Subject: Herbicides

Expert’s Results-Driven Methodology Leads to Exclusion and Summary Judgment in Paraquat MDL

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An expert witness is not supposed to pick a desired result and then reverse engineer inputs and methods that reach that result.  As the Ninth Circuit observed 30 years ago, “[c]oming to a firm conclusion first and then doing research to support it is the antithesis of [the scientific] method.”  Claar v. Burlington Northern R.R. Co., 29 F.3d 499, 502-03 (9th Cir. 1994).  A recent opinion from the Southern District of Illinois offers a fine example of an expert with a results-driven approach and a court that called him out on it.

In re Paraquat Products Liability Litigation, 2024 WL 1659687 (S.D. Ill. Apr. 17, 2024), arises from a multidistrict litigation (“MDL”) in which the plaintiffs claim to have developed Parkinson’s disease as a result of exposure to an herbicide, paraquat.  Four plaintiffs whose cases had been chosen for the MDL’s first trials offered a statistician (the parties disputed whether he also qualified as an epidemiologist) as their sole expert to establish general causation.  He had a difficult task, as no peer-reviewed literature established a link between paraquat exposure and Parkinson’s disease.  Indeed, when the court asked the plaintiffs to identify such literature, the plaintiffs could cite only a single opinion article.  That article had been shared with another of the plaintiffs’ experts before it was published, leading the court to conclude in deciding a prior discovery dispute that there was reason to investigate “whether counsel for the MDL plaintiffs, their experts, or other third parties may have influenced the contents of the article for the benefit of one side in the MDL.”  2023 WL 8372819 (S.D. Ill. Dec. 4, 2023).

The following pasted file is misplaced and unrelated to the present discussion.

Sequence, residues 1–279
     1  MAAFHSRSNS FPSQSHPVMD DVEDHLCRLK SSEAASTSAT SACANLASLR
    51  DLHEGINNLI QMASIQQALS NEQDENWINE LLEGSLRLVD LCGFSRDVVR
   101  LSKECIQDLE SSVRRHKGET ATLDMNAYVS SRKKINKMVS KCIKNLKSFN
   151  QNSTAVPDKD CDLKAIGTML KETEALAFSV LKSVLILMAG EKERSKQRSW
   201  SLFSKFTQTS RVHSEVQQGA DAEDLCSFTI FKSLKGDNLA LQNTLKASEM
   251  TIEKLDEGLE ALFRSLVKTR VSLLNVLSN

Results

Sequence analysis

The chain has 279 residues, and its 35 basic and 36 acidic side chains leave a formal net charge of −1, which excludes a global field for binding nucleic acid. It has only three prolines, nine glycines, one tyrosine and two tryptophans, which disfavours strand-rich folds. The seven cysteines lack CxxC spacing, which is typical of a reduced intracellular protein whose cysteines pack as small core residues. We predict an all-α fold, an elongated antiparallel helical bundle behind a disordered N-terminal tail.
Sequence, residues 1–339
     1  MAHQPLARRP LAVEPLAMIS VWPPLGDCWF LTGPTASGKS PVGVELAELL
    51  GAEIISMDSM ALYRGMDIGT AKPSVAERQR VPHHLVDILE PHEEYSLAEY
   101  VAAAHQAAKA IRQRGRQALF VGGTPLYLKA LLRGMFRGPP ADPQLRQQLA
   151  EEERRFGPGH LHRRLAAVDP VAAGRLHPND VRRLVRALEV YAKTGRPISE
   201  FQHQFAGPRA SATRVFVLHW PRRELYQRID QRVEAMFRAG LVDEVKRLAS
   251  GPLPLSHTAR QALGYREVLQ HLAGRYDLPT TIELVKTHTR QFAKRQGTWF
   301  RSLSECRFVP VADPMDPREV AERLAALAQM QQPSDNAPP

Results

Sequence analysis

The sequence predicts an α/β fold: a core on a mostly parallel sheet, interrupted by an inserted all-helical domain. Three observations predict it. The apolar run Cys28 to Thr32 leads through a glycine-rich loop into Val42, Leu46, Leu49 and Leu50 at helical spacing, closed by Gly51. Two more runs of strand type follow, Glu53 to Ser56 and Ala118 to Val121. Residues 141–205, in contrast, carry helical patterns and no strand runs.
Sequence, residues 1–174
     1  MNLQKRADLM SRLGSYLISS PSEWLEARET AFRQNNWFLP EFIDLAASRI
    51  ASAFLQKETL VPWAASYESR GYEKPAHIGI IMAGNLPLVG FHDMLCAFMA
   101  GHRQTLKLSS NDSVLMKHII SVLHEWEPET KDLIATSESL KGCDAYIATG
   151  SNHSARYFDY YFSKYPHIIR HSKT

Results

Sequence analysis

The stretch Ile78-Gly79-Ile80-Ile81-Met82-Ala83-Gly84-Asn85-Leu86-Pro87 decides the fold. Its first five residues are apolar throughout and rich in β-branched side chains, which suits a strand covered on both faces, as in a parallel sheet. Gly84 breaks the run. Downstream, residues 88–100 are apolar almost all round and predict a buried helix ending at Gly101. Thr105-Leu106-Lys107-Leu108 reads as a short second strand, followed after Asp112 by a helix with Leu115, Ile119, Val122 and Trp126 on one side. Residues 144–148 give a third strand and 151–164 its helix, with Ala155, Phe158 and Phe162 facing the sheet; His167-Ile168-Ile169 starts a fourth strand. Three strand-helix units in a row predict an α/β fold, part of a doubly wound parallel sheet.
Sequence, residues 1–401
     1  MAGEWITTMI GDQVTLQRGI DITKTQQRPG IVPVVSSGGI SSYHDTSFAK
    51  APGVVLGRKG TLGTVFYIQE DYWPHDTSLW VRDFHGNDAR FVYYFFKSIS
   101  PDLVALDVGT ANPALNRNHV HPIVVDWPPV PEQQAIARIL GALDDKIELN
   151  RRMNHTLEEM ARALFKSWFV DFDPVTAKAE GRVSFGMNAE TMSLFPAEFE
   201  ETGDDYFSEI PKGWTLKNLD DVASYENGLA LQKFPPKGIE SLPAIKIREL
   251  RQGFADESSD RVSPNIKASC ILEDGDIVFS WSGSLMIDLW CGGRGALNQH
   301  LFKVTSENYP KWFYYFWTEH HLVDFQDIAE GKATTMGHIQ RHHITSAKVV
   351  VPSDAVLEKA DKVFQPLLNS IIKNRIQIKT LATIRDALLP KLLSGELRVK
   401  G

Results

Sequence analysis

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Texas Supreme Court Refocuses on Causation and Affirms Summary Judgment in Herbicide Drift Case

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The question of whether a particular application of herbicide on one property caused damage on another’s property requires expert testimony.  When a plaintiff claims that herbicide drift caused reduced crop yields, it is not enough for an expert to opine merely that the drift caused damage to plants – the plaintiff must establish that the defendant’s application of the herbicide caused the reduced crop yield.  The distinction may sound nuanced but can have profound ramifications on litigation.  This is well illustrated in the Texas Supreme Court’s recent decision in Helena Chemical Company v. Cox, — S.W. 3d –, 2023 WL 2335694 (Tex. Mar. 3, 2023), an important and highly followed case focusing on the causation requirement in cases alleging yield loss to a crop from alleged exposure to pesticides.

The plaintiffs in Cox were cotton farmers who alleged that the defendant had supervised an aerial application of herbicide that drifted onto plaintiffs’ properties and damaged their crops, causing reduced yields.  A government inspector conducted a visual inspection of the damaged crops and claimed to find “markers” for the herbicide’s two active ingredients, but no lab testing was performed.  The inspector also identified no “consistent pattern” or “drift pattern” of crop damage over the large area encompassing the various plaintiffs’ noncontiguous properties.  Plaintiffs disclosed a slate of experts to support their allegations, but the trial court excluded the experts and granted summary judgment to the defendant.  The court of appeals reversed, finding the experts admissible despite their inability to trace the alleged drift of the herbicide in question from defendants’ application site to plaintiffs’ properties.

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